Who governs Britain? It’s a dangerous question, as Ted Heath learned half a century ago. But while he was concerned with untrammelled unions, ministers today must contend with another unelected cadre calling the shots. The difference is that now, like in so many horror movies, the calls are coming from inside the house.
The Telegraph reports that the Ministry of Justice has appointed a ‘transgender employee support officer’. That in itself is hardly surprising. What does stand out is the reason for the appointment.
According to an email seen by the Telegraph, prison service director general Phil Copple wrote to staff last Friday to say:
“Following the decision last year for the MoJ to not renew its membership with the Stonewall diversity scheme and wider issues in the press, MoJ transgender staff are feeling increasingly vulnerable.
The decision he refers to was taken by former justice secretary Robert Buckland, who withdrew the department from a ‘diversity champions’ scheme run by trans rights charity Stonewall. The MoJ was reportedly paying £3,500 to be listed on the rankings of LGBT-friendly employers but had apparently become concerned by the role played by radical gender ideology in Stonewall’s training.
On its own, the email is eyebrow-raising but it is even more so given the venomous culture war over gender self-identification, an ideology embraced by governmental, public sector, corporate and academic elites which says that a man who believes himself to be a woman is a woman because he says so (and vice versa). Failure to affirm him in his belief is bigoted, transphobic and contributes to crimes against and suicide by transgender people.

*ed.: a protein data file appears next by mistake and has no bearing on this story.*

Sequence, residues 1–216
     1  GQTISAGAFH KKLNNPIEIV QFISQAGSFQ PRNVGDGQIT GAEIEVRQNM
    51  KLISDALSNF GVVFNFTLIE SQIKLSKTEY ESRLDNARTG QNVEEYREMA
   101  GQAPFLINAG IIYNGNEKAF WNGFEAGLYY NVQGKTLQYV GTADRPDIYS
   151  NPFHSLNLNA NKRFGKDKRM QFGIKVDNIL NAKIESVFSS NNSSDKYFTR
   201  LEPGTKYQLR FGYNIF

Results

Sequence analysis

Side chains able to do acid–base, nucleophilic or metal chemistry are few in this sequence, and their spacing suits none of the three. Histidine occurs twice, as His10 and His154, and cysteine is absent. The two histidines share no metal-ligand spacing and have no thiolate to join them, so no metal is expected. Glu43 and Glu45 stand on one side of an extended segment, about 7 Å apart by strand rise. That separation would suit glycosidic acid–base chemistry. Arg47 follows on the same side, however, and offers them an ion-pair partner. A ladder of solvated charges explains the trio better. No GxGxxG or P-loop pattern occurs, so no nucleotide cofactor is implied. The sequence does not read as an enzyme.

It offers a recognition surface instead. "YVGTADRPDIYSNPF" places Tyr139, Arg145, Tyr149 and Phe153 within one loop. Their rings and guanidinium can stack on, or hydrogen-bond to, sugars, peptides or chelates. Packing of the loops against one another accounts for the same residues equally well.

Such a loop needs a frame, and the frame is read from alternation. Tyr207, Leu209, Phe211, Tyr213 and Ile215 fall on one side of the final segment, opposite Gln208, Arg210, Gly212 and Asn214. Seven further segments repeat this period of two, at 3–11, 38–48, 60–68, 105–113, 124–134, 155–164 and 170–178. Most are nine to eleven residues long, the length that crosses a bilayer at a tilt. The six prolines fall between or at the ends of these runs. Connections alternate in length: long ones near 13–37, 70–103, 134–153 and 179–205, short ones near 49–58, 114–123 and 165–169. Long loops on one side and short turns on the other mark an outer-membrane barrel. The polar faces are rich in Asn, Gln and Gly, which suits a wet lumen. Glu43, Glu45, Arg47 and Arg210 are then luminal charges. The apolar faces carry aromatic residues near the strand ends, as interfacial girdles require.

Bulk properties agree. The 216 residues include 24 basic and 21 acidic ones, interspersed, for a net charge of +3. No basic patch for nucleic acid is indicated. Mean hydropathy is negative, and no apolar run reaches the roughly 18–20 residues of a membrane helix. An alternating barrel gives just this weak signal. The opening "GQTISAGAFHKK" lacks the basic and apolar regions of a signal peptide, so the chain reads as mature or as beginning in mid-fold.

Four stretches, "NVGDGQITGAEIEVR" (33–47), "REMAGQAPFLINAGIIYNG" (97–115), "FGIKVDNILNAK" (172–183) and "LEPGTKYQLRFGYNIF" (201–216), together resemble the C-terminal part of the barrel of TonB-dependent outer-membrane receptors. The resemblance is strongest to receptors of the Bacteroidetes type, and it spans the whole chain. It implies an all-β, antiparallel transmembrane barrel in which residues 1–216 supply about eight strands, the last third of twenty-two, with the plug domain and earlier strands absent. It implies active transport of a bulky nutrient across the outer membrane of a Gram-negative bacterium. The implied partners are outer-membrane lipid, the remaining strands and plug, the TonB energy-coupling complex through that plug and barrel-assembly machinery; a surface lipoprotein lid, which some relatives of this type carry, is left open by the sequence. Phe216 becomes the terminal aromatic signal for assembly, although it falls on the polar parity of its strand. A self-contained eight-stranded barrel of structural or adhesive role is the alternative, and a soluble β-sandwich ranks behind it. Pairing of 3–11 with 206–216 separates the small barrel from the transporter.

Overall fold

Given the broader political context, it is difficult to regard the email as anything other than an act of defiance against a ministerial decision of which civil servants apparently disapprove. Explicitly linking a policy choice to a purported situation where ‘staff are feeling increasingly vulnerable’ is dubious as it is but it is the sort of charge you would have thought might come from the Labour benches or one of the self-ID enthusiasts on the Tory backbenches.
The Telegraph quotes an insider describing the latest salvo as ‘a workaround in defiance of the clear instruction to ditch Stonewall trans ideology’ and ‘another example of woke senior public servants in the prison and probation service subverting ministerial authority when it suits them’. HM Prison and Probation Service tells the paper: ‘An existing member of staff has taken on this additional, unpaid responsibility to be a point of contact for transgender employees seeking information and support.’
The sort of people who vote Tory, pay membership subs, deliver leaflets at election time or are proponents of conservative policies have long viewed civil servants with suspicion, seeing them as part of a progressive blob that hinders Tory minsters in their pursuit of conservative outcomes. This thesis greatly overestimates how many ministers are after conservative outcomes. As Niall Gooch has observed from a conservative standpoint — and I from a liberal one — this Tory government hasn’t done much that’s Tory. (I get the sense Niall is less happy about that than I am.)
Even so, events at the MoJ chime with gripes about civil servants elsewhere in government. There is a perception that it does not matter what individual ministers or the government wants to do. Civil servants are the gatekeepers of the exercise of governmental power and they manage to have at least as much say as ministers in how and to what effect it is exercised.
Where ministers are out-of-step with the latest political or cultural fads, it is seemingly not their departments that must come round to their way of thinking. Perhaps this is only to be expected. Every minister knows the civil servants were there years before they arrived and will still be there years after they’ve been reshuffled, sacked or defeated at the ballot box. The civil service is the government and ministers merely a seasonally changing brand.